This is just a friendly FYI to all hackers. Once you get a little more adventurous you can get real confused about what usb devices are plugged in etc (which com ports,…)
my best new friend is usbdeview from nirsoft http://www.nirsoft.net/utils/usb_devices_view.html
It shows you everything about the plugged in usb devices, updates on the fly, v good
USBDeview: Debugging USB devices - [Link]
The AVR Stick is a simple data logging device that instantiates itself as an HID keyboard and reports the voltages, along with a ‘timestamp,’ from two pins on an ATtiny85. The device uses open source firmware availabe from Objective Development (http://www.obdev.at/vusb/) called V-USB to implement the USB 1.1 standard. The code that runs the application was based on the EasyLogger example application from Objective development.
AVR Stick – A simple USB data logging device - [Link]
Jürgen Beisert writes:
I like the handy DCF77 signal. In this project no clock should use it, instead the computers in my home network should be served by a precise time reference. Due to the fact most other interfaces are no longer available on modern computers, it uses the USB to forward the prepared DCF77 signal to the host.
DCF77 to USB converter - [Link]
raph @ raphnet.net writes:
USBTenki is an electronic project to interface sensors to an USB port for collecting weather related data such as temperature. The firmware supports many different sensors and interfaces. It is up to you to decide what your USBTenki will support.
USBTenki: USB Temperature sensors and more - [Link]
USBTemp provides a thermometer. It is based on the DS18S20 digital thermometers. In addition, the thermometer connects to an USB port – you can read the temperature using a commandline tool. In combination with RRDTool you can easily create temperature graphs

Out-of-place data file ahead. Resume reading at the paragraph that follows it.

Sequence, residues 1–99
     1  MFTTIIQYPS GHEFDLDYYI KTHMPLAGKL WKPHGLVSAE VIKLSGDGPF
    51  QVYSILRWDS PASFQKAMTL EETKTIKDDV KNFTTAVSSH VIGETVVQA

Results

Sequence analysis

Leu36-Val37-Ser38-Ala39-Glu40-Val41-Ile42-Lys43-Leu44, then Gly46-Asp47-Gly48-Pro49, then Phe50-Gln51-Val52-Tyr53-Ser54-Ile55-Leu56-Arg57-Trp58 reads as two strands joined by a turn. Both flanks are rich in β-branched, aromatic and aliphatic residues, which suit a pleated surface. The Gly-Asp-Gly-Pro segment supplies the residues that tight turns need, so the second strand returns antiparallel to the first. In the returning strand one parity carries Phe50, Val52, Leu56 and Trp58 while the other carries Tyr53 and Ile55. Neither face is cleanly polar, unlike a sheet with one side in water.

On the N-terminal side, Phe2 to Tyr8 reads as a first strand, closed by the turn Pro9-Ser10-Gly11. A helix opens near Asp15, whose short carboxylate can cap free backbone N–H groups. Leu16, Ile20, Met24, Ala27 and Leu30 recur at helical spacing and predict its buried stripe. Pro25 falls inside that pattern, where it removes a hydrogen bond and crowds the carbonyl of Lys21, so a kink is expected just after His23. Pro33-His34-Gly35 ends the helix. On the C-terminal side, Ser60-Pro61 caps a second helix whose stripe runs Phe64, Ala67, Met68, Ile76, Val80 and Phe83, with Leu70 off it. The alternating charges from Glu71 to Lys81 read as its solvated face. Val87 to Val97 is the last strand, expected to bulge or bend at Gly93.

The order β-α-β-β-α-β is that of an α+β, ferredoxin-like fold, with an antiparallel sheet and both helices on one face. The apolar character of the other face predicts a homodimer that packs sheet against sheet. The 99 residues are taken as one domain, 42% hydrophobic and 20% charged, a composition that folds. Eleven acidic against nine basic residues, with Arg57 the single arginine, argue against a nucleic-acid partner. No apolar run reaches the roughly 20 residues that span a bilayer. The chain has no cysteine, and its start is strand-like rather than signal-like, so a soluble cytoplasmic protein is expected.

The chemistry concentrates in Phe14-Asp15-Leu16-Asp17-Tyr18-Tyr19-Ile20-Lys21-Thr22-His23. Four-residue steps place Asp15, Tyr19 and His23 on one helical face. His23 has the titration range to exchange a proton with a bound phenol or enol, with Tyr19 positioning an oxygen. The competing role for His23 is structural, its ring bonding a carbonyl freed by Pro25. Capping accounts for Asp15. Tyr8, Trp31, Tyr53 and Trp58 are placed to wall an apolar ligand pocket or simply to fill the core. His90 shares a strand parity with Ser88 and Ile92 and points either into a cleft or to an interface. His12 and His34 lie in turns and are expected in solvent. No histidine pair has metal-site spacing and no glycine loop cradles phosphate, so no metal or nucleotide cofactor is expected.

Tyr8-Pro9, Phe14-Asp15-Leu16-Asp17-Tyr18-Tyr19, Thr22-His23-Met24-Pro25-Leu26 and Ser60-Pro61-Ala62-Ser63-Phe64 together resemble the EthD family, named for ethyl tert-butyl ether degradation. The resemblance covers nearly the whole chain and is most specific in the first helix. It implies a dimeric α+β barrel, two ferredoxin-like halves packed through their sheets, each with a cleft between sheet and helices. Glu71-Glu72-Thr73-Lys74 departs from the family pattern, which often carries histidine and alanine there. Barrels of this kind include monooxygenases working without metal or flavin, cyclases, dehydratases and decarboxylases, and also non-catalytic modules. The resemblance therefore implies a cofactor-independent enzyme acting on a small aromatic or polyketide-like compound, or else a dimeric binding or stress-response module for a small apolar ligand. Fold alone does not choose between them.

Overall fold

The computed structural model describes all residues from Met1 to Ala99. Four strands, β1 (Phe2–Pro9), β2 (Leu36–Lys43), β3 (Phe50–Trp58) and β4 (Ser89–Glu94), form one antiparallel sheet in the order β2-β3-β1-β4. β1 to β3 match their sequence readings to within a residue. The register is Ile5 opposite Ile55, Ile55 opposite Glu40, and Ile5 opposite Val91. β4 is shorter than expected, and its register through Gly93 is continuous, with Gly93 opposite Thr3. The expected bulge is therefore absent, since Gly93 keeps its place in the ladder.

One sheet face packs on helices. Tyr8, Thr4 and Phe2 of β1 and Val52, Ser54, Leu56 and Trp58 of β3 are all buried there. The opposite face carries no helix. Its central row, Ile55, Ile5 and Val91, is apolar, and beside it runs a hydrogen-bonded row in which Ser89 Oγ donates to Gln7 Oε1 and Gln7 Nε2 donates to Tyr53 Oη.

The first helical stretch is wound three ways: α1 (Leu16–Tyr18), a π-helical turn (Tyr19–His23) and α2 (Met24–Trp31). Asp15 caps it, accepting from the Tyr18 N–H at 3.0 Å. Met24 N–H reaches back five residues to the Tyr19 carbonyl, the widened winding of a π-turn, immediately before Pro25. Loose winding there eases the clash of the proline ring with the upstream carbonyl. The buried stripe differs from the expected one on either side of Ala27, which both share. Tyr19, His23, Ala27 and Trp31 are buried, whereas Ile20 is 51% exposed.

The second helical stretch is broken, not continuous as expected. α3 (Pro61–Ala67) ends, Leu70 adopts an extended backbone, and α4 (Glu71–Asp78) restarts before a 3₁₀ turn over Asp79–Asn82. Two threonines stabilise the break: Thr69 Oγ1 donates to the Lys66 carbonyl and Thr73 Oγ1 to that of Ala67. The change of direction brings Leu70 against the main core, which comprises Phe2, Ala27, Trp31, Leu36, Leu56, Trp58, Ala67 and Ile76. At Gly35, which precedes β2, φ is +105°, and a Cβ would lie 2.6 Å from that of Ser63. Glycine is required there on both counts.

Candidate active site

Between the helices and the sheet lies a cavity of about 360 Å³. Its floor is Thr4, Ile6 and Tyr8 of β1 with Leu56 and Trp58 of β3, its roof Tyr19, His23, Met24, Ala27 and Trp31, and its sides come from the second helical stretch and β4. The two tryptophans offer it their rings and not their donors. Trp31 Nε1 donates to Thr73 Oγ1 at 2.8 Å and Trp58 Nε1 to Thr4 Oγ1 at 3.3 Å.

USBTemp – USB temperature measurement - [Link]
What i am making here is a USB lock with smartcard key. The idea is that a phonecard reader made with a PIC micro will be able to store a number of different phonecards into memory. Whenever one of these cards is inserted into the slot, it will activate a 4-ports USB On/Off switch. If the card is removed, the USB ports will be de-activated.
Lock USB ports via a PIC-based smart card reader - [Link]
Ettus, manufacturers of the USRP line of SDRs, has announced the availability of a customized bootable USB drive for USRP/GnuRadio development. The LiveUSB SDR Environment is a 16 GB USB 3.0 drive with Ubuntu 11.10 (64-bit), USRP Hardware Driver (UHD), GNU Radio, OpenBTS and associated documentation preinstalled.
Ettus notes that this drive is compatible with USB 2.0 ports, but the system will take longer to boot, load programs, and respond to user interaction.
The US list price is $79.00. Good news: Ettus is making a .tar.gz file with the file system available for free download here. If your hardware is 64-bit/USB 3.0, give it a try!
Ettus LiveUSB SDR environment - [Link]
- U-EC6 USB Emulator Debugger
- SHT11 Digital Humidity & Temperature Sensor
- Battery Holder
- Plastic Enclosure
Wireless USB Temperature & Humidity Datalogger - [Link]
The 16FUSB is a software implementation of the USB low-speed for PIC16F628/628A microcontroller. All communication stuff is done by the firmware, completely discarding the need to use an additional chip. From the 16FUSB core is possible to add implementations of other protocols such as, for example, I2C, SPI or simple write data from the USB host (PC) directly to the PIC pins. A low-speed USB software implementation can be a great alternative for those who want lower cost projects and at the same time also doesn’t need high speed data transfer.
Open source low-speed bit bang USB interface for 8bit PICs - [Link]